Theodore Robinson (1852-1896) was one of the first American impressionist painters, and he painted at the Giverny, France artists’ colony alongside Claude Monet.* This particular painting, one of his late works, is perhaps not as characteristic of his usual style as his earlier rural landscapes. However, I chose it because of its subject matter – the 1893 World’s Columbian Exposition in Chicago. I recently did some research on the exposition for another project and was amazed by the vast quantity of architecture and infrastructure that went into putting together this massive world’s fair. All of the beautiful buildings in this painting were designed and constructed specifically for the Exposition, and many were demolished afterwards. I love Robinson’s cheery, slightly-romanticized depiction of the so-called “White City”, because it is such a fitting representation of the bright-eyed idealism that motivated the entire endeavor.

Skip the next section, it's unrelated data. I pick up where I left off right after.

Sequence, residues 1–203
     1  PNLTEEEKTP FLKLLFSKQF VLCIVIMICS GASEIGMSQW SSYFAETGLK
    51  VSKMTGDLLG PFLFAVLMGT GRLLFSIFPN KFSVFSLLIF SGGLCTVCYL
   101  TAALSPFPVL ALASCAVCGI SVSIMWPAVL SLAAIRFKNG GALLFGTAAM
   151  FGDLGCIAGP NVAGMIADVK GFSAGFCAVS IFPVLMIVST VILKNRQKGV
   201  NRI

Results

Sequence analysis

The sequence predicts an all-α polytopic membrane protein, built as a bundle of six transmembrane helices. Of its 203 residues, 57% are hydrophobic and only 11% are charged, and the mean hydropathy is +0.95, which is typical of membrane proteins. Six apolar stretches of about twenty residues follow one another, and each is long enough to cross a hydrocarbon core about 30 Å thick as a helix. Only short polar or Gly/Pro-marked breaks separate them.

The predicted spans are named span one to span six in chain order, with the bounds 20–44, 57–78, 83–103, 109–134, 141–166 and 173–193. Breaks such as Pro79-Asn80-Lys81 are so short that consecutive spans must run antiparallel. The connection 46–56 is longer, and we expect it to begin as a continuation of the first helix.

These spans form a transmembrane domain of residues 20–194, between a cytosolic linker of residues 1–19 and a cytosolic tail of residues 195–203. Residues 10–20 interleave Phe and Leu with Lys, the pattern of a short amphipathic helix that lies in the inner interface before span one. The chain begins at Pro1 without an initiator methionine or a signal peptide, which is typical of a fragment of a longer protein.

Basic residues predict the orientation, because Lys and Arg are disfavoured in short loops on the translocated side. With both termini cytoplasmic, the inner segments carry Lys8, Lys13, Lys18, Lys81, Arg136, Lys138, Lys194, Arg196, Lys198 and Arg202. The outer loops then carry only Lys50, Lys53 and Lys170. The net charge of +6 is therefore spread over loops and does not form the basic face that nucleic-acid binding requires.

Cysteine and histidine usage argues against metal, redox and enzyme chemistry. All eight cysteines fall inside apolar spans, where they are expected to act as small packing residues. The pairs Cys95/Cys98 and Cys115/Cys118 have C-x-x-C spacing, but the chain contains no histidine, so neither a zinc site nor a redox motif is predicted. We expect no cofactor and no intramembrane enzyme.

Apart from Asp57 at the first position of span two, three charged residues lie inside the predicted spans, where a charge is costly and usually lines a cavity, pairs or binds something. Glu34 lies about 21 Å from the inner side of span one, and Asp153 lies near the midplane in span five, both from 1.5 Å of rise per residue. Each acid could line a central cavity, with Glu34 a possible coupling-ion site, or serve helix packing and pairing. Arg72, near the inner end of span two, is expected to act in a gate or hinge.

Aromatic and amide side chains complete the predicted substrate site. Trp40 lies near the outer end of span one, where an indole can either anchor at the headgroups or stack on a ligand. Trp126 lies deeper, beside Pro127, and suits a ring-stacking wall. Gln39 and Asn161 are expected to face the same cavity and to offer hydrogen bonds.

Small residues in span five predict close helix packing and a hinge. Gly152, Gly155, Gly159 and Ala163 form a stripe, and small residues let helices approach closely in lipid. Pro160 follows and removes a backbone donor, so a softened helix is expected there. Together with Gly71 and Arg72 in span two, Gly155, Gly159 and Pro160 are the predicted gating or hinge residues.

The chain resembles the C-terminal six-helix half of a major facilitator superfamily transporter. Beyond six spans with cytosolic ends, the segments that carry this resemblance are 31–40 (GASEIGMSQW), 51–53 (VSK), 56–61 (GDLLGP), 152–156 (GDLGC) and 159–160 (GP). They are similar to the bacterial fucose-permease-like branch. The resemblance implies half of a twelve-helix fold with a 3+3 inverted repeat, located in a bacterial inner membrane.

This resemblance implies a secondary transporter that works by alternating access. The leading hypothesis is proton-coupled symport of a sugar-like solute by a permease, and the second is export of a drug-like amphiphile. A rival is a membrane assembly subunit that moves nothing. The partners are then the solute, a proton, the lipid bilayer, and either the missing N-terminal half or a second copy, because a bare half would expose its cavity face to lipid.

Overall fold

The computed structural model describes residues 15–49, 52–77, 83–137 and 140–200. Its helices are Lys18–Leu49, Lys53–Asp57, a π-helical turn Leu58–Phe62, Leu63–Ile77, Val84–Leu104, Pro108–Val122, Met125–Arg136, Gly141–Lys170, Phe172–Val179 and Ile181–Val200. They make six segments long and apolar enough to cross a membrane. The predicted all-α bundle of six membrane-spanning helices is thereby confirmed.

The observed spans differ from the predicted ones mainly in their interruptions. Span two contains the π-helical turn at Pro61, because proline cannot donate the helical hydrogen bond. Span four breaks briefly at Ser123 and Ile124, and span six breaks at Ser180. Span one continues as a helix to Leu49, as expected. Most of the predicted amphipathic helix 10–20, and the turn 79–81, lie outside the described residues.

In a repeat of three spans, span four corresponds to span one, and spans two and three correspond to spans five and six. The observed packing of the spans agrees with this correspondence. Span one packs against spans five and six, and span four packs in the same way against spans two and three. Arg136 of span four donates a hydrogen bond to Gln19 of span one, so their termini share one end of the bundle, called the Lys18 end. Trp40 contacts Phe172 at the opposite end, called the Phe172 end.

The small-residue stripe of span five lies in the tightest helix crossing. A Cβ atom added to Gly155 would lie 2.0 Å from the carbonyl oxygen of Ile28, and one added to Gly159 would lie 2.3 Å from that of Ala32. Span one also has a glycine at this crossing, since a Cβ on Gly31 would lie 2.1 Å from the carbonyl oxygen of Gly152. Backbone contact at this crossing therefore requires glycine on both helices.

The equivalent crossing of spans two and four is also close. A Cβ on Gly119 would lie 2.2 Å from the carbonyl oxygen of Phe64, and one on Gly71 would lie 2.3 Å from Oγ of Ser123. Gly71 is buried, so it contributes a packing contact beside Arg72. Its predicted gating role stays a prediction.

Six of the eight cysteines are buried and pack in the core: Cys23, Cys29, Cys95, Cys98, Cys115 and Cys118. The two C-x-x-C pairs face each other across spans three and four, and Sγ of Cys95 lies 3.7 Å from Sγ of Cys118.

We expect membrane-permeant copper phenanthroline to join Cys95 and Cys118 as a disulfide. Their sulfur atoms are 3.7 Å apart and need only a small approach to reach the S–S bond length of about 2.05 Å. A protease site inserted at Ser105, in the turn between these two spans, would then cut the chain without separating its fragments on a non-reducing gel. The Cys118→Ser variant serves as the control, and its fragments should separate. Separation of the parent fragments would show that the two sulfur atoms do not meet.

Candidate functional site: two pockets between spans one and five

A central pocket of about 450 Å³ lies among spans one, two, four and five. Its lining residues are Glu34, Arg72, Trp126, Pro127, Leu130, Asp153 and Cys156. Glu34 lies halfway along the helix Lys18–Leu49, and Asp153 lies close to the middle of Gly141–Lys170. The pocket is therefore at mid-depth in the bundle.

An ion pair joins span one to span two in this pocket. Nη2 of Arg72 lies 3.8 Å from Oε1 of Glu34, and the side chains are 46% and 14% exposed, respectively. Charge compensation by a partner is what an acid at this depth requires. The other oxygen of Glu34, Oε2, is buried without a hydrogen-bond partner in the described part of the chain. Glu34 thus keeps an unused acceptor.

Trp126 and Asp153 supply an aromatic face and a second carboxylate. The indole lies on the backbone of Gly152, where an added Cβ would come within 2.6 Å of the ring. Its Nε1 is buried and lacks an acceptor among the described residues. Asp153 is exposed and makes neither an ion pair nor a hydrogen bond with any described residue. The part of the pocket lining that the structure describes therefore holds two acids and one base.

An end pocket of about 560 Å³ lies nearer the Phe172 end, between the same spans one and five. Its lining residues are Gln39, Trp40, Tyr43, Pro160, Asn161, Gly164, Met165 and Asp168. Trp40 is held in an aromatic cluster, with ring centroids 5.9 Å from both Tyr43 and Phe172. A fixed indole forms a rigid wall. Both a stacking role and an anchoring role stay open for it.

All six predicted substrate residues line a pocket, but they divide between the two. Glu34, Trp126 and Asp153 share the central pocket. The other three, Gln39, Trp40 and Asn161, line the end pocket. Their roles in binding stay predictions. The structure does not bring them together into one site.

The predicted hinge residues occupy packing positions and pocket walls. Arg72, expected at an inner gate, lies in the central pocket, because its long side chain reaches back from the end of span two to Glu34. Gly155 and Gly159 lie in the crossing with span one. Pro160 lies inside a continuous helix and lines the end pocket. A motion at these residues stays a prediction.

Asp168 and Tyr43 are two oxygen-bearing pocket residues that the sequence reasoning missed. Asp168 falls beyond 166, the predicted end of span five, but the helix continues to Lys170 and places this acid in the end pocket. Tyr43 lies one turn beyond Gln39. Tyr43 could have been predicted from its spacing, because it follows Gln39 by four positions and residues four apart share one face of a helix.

*Gerdts, William H. American Impressionism. New York & London: Abbeville Press, 1984. p.31-32.